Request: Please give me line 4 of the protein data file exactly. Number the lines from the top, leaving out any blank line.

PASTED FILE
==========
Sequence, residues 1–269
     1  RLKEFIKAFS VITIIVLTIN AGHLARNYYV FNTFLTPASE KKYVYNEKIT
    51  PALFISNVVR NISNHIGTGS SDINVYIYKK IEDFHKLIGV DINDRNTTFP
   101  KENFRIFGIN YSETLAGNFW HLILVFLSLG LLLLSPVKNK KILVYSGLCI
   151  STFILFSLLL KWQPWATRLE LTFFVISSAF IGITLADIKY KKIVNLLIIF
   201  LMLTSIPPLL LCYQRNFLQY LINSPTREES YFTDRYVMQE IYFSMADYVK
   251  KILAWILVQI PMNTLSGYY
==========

   101  KENFRIFGIN YSETLAGNFW HLILVFLSLG LLLLSPVKNK KILVYSGLCI